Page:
WHEN THE UTTERLY charmless and uncharismatic Gordon Brown (remember him? – he was Chancellor of the UK for years and even its Prime Minister) said “Obama Beach” instead of “Omaha Beach” at the 2009 celebration of the Normandy landings it wasn’t just a gaffe. It was not that kind of understandable confusion you can suffer when you have to speak in public. No, this was a slip of the most embarrassingly Freudian type. This was a sign of Brown’s infatuation with Obama, an infatuation, it has to be said, shared by so many politicians around the world. Watch them in his presence and you see at work the kind of spell-binding and fascination that you’d expect at high school when the Cool Guy walks into the room. All the girls swoon and the all the boys want to be his best buddy.
After he was elected the European leaders were almost pushing each other out of the way to be first in line for his attention when he came to visit. Later, when he popped into Australia, PM Julia Gillard gazed and simpered over him like a trembling-kneed schoolgirl. It was such a gut-churning spectacle I couldn’t believe the mass of the Aussie people didn’t rise up in disgust and ditch her in the ocean.
This sort of behaviour is acceptable for adolescents but not for grown-ups. And certainly not for political leaders who have serious stuff to do. It’s an example of the Princess Diana Syndrome, a form of celebrity worship which is most successful when the person endowed with it has done almost nothing to justify it. Clearly Diana, given her age, had little to boast about in terms of achievement. Barry (for such he called himself before he, or more likely his handlers, decided the more ethnic Barack had the greater electoral appeal) had at least been to Harvard and Columbia universities. Who paid for him and what he really achieved there is a bit vague, but the vagueness just seems to add to the romance.
In fact, Obama is always vague when he’s off the teleprompter. His famous oratorical skills often turn to dust when he doesn’t have a script. He waffles, stumbles, makes mistakes, and yet no one seems to care. In this he’s a sharp contrast to Tony Blair, who rates far below him in the charisma stakes, but who has the unfailing ability to blag his way through anything. I watched him talking about the infamous Good Friday Agreement “hand of history” soundbite. The interviewer asked him if he had come up with this phrase himself. Within one sentence Blair first of all denied it, then said it was a combined effort with his speechwriter and then finished with the affirmation that he had indeed come up with it by himself. It was an effortless, confident, unembarrassed performance that would have tested the skills of a Jesuit. It was so good it went unchallenged.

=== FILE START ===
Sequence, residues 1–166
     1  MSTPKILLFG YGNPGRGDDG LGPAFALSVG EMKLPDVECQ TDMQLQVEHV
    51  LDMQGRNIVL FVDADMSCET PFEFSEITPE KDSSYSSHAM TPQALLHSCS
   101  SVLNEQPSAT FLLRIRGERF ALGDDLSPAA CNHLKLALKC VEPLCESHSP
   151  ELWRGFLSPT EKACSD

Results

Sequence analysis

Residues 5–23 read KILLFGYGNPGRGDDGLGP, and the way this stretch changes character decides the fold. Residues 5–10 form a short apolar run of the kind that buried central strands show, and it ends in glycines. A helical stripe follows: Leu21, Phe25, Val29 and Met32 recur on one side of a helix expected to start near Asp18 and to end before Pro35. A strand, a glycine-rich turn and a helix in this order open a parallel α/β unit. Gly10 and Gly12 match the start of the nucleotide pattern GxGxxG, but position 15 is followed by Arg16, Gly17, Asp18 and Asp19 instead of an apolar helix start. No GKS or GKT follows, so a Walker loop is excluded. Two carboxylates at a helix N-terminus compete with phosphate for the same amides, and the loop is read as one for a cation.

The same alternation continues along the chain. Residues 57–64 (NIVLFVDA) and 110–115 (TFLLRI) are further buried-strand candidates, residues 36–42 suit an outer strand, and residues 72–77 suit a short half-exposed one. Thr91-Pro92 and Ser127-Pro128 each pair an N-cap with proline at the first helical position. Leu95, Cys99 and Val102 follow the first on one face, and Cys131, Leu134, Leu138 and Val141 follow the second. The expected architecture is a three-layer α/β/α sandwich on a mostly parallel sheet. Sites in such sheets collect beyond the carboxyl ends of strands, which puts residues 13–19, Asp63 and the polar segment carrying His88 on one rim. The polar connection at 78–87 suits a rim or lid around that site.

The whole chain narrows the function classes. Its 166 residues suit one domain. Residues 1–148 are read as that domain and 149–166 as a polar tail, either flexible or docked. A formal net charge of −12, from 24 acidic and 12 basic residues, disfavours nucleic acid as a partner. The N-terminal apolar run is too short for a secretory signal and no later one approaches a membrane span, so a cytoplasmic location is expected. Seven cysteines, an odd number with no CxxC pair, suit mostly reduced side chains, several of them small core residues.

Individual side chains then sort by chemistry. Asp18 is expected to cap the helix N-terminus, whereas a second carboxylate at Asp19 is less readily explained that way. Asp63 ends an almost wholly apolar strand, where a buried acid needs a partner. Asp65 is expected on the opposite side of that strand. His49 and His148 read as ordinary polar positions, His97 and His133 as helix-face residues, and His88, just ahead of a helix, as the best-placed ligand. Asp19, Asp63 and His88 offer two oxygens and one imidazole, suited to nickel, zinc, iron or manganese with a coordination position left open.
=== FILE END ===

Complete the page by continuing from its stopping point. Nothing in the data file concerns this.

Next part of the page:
You wouldn’t expect that kind performance from Princess Barry. It’s almost as if inarticulacy were another sign of his saintliness. He is rated according to his glamour, not his deeds. Celebrities don’t need to worry about results. Politicians should. Eventually the deeds yield consequences and some of the patina of glamour wears off.
WE DON’T KNOW much of the aura would have remained if Diana had survived into old age and the decline of her looks. We do know that Princess Barry still has some of that old magic left, enough at least to garner the race vote for a second term. It certainly helped him survive the diplomatic catastrophe of Benghazi and the cack-handed cover-up that continues to follow it; a disaster that would have sunk any other President. He can thank the fawning American media for helping him out on that.
And so Princess Barry enters his second term, adorning the couches of chat shows, scattering his pixie dust of redistribution and regulation everywhere, knowing that once he’s finished he can play golf to his heart’s content and there’ll still be enough people besotted with his magic to think he was a saviour and enough politicians who’ll treat him as a world statesman.
Except for the Arab leaders, of course, who are not fooled for one minute by this flim-flam. They need him and despise him at the same time. They need him because he is weakening American power around the world, particularly in the Middle East, thus strengthening their own hand. And yet they despise him for being so weak, so unwilling to stand up for his own people. They know that Princess Barry is a useful progressive idiot, a preening fake surrounded by sycophants and thugs, intent on bringing his own country to its knees.
The American Dream used to be about success. Princess Barry’s American Dream is about the destruction of that success. When he’s gone, secure in his own wealth and self-righteousness, he’s going to leave a lot of people with less than than they started with, wondering how they could have been taken in so easily.